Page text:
First of all, every spider is capable of producing venom, but not all spiders pose a threat. Just because a spider looks big and creepy, does not mean that it can actually hurt you. In fact, most people will tell you that the typical Daddy Long Legs spider is the most poisonous spider in the world, but its fangs are not long enough to pierce a humans skin. This "fact" is actually completely untrue. Their fangs are too short to do any harm, but they are not venomous to humans and not even really insects for that matter.
So, don't believe everything that you hear.
Luckily, here in the Puget Sound area, we really do not have too many spiders that we need to worry about. They are kind of gross and you may want a pest control company to come and get rid of them anyway, but the purpose of this article is to inform you of how rare "poisonous" spiders are in our area and help you to identify these spiders when you see them. So, let's get started:
Black Widow Spider: Most people know what a Black Widow Spider is or at least have heard about them. They are not common in our area, but can be brought here from warmer climates to the south of us. In all my time in pest control up here, I have only come across a handful of these types of spiders in the past decade. There are quite a few sub-species of black widow spiders that you will not need to worry about that have a large rear end. Sometimes they will even have a white hourglass marking on them that is indicative of a male Black Widow. However, these spiders are not the poisonous types. What you will want to look for is the prominent red hourglass shape on the underneath side of the abdomen. They will usually hang around under furniture or in other dark places. If you see a spider that fits this description, I would recommend giving us a call, but again, they are very rare.
Brown Recluse Spider: These types of spiders are also very rare and typically are found in the southeast areas of the United States. You will want to look for a few distinguishing marks that will let you know if have a Brown Recluse. They have a prominent "violin" shape marking on their back and are often called a "Fiddle back" because of this. This in itself, is not enough to determine if it is in fact a Brown Recluse because other non-poisonous spiders have similar markings. Also, if you get close enough, a Brown Recluse has only 3 eyes (most spiders have 8).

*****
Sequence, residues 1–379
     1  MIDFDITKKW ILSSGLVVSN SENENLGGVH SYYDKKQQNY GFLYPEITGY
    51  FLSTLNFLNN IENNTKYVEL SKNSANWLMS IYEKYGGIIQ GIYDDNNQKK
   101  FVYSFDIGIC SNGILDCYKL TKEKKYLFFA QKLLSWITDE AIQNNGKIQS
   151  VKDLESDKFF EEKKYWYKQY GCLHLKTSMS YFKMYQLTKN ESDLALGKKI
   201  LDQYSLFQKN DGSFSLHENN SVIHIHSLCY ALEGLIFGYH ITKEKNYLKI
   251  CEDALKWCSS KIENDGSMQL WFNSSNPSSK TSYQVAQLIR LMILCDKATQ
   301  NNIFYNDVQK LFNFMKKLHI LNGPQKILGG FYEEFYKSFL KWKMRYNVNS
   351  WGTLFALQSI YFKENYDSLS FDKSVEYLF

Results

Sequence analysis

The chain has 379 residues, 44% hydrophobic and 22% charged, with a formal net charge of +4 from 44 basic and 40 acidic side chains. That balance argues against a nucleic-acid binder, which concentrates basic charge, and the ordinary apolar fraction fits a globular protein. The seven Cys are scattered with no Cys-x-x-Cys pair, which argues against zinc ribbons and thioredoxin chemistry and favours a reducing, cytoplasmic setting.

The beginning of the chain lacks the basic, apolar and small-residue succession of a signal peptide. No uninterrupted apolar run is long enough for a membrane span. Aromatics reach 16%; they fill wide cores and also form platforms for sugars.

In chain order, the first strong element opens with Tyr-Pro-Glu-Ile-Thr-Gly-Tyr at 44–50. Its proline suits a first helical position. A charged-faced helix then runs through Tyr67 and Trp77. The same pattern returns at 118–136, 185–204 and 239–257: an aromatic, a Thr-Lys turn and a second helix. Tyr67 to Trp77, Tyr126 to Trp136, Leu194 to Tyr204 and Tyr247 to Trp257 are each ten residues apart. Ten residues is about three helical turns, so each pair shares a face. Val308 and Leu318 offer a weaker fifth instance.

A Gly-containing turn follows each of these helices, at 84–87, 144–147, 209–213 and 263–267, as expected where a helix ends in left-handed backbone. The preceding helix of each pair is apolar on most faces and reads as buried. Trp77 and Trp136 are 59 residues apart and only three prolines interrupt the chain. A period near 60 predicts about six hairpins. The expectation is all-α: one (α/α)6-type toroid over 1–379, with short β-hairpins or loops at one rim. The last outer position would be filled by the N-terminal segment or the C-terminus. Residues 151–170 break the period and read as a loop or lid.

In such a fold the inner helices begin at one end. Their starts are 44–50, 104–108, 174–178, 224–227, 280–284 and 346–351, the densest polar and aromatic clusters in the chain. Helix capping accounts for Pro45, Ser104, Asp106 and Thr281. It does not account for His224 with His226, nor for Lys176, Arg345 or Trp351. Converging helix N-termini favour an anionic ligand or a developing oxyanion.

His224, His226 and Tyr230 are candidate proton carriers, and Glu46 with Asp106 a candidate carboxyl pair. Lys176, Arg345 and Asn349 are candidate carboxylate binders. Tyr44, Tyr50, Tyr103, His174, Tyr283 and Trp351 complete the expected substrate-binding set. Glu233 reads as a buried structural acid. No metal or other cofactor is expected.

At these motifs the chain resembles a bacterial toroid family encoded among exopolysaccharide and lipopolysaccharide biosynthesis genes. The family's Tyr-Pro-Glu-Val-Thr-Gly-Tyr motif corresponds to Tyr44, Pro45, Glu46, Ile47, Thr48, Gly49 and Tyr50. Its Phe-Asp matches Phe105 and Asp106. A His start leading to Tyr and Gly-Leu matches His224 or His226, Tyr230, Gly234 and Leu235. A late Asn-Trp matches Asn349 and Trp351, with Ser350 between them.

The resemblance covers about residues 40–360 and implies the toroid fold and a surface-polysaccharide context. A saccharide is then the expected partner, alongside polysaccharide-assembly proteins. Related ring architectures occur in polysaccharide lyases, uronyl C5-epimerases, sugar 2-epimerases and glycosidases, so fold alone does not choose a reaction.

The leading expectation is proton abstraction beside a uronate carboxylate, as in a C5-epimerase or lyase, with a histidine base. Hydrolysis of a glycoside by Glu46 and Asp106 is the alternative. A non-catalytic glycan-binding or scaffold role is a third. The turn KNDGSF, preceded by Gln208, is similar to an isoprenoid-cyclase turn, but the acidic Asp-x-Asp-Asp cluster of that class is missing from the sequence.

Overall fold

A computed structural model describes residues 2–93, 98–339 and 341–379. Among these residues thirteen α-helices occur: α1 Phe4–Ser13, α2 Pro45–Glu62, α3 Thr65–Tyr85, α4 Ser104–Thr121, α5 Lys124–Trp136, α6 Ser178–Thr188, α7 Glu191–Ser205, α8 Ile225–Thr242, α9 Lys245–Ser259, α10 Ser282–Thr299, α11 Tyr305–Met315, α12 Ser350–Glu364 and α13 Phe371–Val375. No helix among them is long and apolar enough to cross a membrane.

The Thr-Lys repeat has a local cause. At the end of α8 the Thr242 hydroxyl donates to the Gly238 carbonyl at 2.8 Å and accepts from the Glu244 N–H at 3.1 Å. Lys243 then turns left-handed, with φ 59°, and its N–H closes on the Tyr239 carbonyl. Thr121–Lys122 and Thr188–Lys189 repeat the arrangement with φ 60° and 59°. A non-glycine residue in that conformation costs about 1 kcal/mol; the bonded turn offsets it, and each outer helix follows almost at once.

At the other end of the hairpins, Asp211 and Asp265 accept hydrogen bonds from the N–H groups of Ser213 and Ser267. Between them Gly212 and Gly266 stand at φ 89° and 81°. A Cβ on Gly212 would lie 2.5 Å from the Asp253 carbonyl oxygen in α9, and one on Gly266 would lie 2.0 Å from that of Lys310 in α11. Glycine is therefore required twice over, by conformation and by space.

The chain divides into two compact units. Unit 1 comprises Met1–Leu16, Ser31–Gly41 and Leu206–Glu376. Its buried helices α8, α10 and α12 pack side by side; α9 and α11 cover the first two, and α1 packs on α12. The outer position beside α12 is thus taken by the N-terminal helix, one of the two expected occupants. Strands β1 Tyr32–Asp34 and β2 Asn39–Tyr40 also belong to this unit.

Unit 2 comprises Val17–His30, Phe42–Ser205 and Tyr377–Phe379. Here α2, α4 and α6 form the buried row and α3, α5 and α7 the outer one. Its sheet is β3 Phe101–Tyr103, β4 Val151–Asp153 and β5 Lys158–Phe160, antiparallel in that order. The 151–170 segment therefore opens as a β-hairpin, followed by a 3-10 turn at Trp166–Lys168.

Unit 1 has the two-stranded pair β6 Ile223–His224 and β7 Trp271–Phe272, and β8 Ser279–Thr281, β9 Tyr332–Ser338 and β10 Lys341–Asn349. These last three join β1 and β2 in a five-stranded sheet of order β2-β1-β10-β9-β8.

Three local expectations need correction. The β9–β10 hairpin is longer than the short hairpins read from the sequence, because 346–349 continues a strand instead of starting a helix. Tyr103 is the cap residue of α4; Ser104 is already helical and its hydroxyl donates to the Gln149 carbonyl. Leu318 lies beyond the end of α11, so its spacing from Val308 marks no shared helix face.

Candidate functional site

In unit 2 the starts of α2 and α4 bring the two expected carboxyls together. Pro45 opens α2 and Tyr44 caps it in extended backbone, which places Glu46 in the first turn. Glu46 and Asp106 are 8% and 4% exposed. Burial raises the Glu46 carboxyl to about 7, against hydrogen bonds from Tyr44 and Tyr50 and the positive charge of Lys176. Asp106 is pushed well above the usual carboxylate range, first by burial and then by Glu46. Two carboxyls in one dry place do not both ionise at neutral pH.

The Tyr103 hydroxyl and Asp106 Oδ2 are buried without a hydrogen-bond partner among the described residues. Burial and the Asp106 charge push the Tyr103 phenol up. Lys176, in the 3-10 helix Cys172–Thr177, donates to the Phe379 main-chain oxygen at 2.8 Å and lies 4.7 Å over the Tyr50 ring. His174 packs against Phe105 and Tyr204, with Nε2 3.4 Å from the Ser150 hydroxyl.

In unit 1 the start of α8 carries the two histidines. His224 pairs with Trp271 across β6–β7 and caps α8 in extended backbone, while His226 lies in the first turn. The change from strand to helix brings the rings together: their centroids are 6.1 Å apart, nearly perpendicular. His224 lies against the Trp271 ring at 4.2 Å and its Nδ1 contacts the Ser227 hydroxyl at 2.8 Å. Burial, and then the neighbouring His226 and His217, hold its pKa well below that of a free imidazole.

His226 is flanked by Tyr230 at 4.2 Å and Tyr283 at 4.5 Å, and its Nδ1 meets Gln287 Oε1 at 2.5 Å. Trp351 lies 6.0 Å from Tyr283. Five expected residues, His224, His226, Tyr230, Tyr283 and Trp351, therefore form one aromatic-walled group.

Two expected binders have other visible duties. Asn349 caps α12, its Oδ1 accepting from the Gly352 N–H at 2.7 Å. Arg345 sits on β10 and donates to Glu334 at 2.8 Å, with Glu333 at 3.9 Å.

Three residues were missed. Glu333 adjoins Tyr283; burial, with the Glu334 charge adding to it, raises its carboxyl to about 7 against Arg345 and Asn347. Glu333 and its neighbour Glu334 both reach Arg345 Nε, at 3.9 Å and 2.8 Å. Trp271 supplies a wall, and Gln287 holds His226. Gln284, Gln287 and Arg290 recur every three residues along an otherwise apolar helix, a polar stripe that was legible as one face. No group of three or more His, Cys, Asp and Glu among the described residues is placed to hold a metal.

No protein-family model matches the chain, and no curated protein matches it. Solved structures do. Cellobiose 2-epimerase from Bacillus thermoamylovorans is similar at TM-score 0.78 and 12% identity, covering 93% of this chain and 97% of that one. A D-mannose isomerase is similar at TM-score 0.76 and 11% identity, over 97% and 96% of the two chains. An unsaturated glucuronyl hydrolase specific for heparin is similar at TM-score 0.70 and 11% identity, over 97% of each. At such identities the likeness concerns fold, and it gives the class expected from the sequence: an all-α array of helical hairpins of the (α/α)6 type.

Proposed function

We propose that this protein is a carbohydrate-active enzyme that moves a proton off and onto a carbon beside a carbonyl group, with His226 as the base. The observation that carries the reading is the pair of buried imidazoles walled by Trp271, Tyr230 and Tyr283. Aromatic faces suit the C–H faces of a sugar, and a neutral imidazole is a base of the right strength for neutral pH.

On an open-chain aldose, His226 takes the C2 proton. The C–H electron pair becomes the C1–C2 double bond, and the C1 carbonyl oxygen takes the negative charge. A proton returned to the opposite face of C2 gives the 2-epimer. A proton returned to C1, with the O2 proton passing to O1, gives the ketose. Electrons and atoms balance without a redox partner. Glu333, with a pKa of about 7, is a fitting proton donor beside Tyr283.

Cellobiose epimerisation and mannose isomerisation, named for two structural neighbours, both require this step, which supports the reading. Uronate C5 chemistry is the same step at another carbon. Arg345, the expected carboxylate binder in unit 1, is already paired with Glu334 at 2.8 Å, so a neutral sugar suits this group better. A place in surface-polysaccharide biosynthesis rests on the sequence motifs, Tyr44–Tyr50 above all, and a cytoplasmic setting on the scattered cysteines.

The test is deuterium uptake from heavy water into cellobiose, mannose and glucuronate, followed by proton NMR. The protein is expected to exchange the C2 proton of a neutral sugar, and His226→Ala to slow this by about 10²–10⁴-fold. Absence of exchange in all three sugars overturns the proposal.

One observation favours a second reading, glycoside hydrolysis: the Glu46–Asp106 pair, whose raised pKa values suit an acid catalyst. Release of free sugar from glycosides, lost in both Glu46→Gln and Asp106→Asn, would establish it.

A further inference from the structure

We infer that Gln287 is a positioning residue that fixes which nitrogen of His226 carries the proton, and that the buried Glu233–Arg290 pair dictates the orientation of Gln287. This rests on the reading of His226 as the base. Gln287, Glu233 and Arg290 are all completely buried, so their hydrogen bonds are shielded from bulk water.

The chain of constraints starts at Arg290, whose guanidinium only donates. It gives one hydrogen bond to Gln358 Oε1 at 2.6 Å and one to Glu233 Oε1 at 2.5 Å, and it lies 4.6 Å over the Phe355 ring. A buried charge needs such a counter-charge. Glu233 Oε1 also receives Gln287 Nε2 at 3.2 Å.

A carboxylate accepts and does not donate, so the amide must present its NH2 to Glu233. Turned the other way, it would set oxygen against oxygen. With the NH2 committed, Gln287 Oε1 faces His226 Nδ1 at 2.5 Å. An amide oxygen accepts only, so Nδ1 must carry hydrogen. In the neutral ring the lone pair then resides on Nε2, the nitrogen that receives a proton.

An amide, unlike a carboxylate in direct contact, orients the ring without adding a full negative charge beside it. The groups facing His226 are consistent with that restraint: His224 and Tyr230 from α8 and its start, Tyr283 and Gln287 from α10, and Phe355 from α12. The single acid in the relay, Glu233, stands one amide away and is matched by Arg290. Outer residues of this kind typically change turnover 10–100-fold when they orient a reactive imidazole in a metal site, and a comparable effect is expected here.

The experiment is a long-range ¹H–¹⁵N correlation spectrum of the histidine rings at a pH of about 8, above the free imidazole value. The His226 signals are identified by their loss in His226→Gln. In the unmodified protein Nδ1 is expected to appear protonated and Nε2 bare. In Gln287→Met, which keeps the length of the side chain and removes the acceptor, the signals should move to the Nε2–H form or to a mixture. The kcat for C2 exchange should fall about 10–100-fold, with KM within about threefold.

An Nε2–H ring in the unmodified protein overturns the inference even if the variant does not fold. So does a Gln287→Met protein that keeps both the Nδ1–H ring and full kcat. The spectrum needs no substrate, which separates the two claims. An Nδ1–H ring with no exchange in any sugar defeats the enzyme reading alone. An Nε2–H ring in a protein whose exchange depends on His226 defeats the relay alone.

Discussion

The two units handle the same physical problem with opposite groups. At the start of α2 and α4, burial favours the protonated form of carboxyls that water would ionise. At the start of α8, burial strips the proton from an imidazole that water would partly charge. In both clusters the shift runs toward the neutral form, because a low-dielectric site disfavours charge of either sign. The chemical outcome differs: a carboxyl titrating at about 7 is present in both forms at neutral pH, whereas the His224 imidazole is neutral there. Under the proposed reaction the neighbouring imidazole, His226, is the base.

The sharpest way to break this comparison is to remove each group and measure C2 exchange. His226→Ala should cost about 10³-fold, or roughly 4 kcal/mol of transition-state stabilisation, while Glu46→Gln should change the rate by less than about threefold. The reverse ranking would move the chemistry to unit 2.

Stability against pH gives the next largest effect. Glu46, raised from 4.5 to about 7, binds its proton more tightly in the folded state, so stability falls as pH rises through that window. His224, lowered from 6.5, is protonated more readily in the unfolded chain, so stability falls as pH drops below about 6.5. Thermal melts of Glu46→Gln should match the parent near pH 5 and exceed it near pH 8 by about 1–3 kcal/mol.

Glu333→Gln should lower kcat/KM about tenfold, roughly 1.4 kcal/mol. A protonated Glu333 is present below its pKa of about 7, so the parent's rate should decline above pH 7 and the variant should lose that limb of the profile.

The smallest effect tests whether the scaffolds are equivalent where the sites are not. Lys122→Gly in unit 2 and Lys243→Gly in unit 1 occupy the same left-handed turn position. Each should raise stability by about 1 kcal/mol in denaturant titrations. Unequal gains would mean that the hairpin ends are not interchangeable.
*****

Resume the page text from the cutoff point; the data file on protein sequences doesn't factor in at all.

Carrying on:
Hobo Spider: If you are going to worry about a spider, this is the only one that is somewhat common to this area. They are large, brownish spiders that can do some damage with their bites. Typically, they are identified by a V shaped pattern on its back. They also do not have different colors on the joints of their legs like most spiders do and they have a lighter colored stripe running down their sternum. They are easily mistaken for what is known as a "Giant House Spider". These creepy spiders are about the same size as a Hobo Spider and look remarkably similar. In fact, in treating for Hobo spiders, I would say 3 out of the 4 times people think they are seeing a Hobo, they are actually seeing a non-poisonous Giant House Spider. Either way, they are definitely creepy and should be treated since they are hard to tell the difference between the two without looking under a microscope.
Most people choose to have treatment for spiders because they creep them out, but it is important to know that most spiders cannot typically hurt you. If you don't care if they can hurt you or not and just want them gone, please give me a call. Also, if you have a spider that you think might be one of the spiders listed above, you can send me an email with a picture and I will help you identify it. If you have any questions or need any other help, we would love to assist you.